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Basic Beginner Motorcycles - Part 2

By Walter F. Kern

Part 2: Some basic recommendations

If you gather 100 motorcyclists together and ask them what bike you should get for a beginner motorcycle, you will first be asked a lot of questions. The experts will want to know how old you are, how tall you are, how much you weigh, whether you are male or female, where you live, your experience, whether you've taken the MSF course, etc.

Then you will get 100 different answers recommending a bike for you. How do I know? I read the messages in various motorcycle beginner forums. Every newcomer asks the same questions and depending on which forum members choose to answer, the bike recommendations vary all over the place.

There are some common denominators, however. Almost everyone agrees that a beginner should first take the MSF training course. This course will teach you what you need to know to safely ride a motorcycle. It won't make you an expert but you will learn things about motorcycles and riding that many untrained riders of over 30 years don't know.

Next, you should buy a cheap bike with as little plastic on it as possible and which contains some engine guards to protect the bike, and you, should you have a spill.

Many experts recommend bikes such as the Suzuki GS500, the Kawasaki EX500, the Honda 250 and 450 Rebels, the Honda Shadow VLX600, the Honda Nighthawk 250 or 750, the Suzuki Bandit 600, and the Yamaha Seca 600. These would all be used bikes you may be able to buy under $2000, maybe as low as $600 in some cases. As I said earlier, my first bike was a 1981 Honda CM400T. It was eight years old at the time. There are still some of these running around too.

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It hasn't been that long since I was a beginner and I vividly remember all the questions I had about beginner motorcycles and bikes that came after that. Here is my history. Yours may end up being similar:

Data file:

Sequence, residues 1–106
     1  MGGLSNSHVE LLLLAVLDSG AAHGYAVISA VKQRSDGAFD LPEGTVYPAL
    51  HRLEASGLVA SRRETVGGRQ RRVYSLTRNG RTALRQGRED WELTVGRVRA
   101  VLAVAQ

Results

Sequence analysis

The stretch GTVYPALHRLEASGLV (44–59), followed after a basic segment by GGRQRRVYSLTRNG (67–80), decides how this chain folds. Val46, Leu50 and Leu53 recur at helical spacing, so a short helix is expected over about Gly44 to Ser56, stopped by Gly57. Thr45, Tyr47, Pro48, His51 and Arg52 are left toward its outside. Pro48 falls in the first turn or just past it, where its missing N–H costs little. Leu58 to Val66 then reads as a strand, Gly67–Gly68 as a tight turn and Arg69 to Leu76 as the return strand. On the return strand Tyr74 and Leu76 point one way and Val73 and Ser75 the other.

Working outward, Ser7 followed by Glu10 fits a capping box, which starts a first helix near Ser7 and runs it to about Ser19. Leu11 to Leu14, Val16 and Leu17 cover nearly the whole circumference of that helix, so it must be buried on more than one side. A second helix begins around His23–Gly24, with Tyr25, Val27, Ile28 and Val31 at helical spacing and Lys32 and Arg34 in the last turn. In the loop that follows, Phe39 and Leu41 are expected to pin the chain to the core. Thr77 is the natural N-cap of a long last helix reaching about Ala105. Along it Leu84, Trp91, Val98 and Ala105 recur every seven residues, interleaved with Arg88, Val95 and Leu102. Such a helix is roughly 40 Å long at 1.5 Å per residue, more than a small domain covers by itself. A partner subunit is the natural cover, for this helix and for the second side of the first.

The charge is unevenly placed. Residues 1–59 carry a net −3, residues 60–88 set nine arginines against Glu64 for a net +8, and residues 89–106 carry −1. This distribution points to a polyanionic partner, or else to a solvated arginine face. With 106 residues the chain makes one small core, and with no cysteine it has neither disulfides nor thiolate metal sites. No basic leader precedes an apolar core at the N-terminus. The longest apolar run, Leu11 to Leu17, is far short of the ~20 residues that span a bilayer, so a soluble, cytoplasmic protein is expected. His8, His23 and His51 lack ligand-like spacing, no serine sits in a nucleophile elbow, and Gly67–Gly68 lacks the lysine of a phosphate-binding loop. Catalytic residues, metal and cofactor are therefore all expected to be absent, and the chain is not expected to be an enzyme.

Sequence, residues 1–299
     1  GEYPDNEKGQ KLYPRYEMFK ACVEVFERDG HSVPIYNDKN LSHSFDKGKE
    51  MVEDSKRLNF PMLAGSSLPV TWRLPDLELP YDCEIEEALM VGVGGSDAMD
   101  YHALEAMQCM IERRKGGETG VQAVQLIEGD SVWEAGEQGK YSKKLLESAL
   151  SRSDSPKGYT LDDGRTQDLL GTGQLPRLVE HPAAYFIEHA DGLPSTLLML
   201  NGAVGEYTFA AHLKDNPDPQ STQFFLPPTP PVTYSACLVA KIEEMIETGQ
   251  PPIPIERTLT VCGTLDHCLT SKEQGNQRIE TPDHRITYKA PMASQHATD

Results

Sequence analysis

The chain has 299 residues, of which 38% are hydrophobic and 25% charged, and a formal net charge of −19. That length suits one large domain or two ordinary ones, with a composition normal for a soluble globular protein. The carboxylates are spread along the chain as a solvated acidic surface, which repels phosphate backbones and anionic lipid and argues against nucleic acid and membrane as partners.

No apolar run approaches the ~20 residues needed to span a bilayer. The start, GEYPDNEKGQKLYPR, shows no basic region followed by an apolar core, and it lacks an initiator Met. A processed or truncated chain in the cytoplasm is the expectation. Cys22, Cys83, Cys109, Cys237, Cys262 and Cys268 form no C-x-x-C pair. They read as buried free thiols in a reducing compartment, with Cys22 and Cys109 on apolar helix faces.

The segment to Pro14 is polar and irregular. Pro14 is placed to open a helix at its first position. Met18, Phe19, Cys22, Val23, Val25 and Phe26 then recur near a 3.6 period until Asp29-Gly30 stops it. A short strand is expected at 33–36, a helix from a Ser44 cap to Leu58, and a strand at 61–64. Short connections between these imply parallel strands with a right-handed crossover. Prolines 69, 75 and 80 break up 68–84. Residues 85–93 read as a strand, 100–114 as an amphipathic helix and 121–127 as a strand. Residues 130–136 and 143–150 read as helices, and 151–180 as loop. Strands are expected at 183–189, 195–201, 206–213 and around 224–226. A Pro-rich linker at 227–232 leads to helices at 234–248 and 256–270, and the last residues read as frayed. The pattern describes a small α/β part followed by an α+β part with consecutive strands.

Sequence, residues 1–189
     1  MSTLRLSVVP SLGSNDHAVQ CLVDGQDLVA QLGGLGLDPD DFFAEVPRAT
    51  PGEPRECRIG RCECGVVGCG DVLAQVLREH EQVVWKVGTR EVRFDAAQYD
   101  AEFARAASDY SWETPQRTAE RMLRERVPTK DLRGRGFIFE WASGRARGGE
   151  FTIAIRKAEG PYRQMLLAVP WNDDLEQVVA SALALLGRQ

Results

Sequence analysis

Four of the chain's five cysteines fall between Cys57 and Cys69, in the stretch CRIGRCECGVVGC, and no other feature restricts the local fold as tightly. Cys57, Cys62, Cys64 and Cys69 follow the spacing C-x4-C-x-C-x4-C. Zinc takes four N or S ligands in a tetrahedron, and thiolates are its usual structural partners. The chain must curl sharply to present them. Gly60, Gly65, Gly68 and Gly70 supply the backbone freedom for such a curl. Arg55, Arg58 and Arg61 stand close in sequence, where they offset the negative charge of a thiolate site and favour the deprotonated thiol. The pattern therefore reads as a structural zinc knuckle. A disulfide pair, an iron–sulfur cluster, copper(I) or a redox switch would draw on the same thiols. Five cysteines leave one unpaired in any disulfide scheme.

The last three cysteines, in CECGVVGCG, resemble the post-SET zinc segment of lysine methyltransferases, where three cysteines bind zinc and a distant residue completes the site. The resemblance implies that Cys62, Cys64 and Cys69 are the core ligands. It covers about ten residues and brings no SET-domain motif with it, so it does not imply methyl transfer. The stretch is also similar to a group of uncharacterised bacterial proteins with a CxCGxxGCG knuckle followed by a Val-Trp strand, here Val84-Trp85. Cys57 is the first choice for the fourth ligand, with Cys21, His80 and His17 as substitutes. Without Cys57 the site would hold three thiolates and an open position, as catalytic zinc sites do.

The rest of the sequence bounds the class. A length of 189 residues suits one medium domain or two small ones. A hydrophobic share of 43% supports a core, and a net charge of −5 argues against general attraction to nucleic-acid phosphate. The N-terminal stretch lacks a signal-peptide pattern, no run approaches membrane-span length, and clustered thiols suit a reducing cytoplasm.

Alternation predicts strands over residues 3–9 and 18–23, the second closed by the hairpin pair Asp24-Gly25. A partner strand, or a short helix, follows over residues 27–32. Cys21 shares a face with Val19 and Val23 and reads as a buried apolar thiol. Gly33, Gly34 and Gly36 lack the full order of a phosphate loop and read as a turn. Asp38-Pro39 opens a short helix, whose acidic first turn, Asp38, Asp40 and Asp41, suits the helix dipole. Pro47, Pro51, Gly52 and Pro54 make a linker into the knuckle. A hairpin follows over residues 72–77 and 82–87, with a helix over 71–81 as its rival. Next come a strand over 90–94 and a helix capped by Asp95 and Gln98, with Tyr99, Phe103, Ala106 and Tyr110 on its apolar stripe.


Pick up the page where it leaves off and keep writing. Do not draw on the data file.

• My first bike was a 1981 Honda CM400T. I bought it from a friend for $600. It had a windshield, crashbars, and ran well. Both my wife and I used it as a starter bike and both took our motorcycle driver test on it.

  • My second bike was a 1991 Honda Nighthawk CB750. This was a new bike purchased from my local dealer. I rode the CM400T for maybe a year before I got the Nighthawk. The CM400T was eventually sold for $600, the same amount I paid for it.

  • My third bike was a 1990 Honda Pacific Coast (PC800). It was an 800cc machine with a shaftdrive and rear enclosed liftup trunk, a unique motorcycle useful for any distance.

  • My fourth bike was a 1994 Harley-Davidson Sportster XLH1200. I was getting my itch to break the Honda habit and bought this from a friend. It vibrated a lot and made exhaust noise I didn't like. I sold it after a couple of years and went back to my Honda habit.

  • My fifth bike was a 1998 Honda Gold Wing. Notice the progression in size. When I was a beginner, I never thought I would be able to handle a Gold Wing but time and experience made the transition easy. I sold the PC to a friend in our motorcycle club.

  • My sixth bike was a 2000 Honda Gold Wing. No, I didn't crash the 1998 Wing. I converted it to a trike for my wife.

  • My seventh bike was the conversion of the 2000 Gold Wing into a trike using a Motor Trike kit installed by a dealer in PA.

See pictures of my seven motorcycles.

Here is the bike history for my wife who started in motorcycling at the exact same time I did:

  • Her first bike was a 1981 Honda CM400T. This is the same bike mentioned above.

  • Her second bike was a 1989 Honda Shadow VLX600 cruiser. This was a new bike purchased from our local dealer. She got the first new bike while I continued to ride the CM400T for maybe a year.

  • Her third bike was a 1990 Honda Pacific Coast (PC800). I sold my Nighthawk and continued to ride her VLX600 until she was sure she liked the PC. Then I traded the VLX600 in on a second PC for myself. I bought and installed a CB on both PCs so my wife and I could communicate.

  • Her fourth bike was a 1998 Honda Gold Wing trike. This is the trike I converted from my 1998 Gold Wing. Eventually, she sold the PC to a friend in our motorcycle club.

See pictures of Jane's four motorcycles.

Choosing a beginner motorcycle is not an exact science. It depends on many interrelated factors. It is one of the rites of passage that every motorcyclist goes through to begin his or her adventures in motorcycling.

All our Motorcycle Views Forum members have traveled the same road you are starting down. Their experiences can help you to avoid costly mistakes. Take some time to become familiar with the forum and post your questions. Deciding to be an active forum reader and contributor may turn out to be the best decision you ever make in motorcycling.

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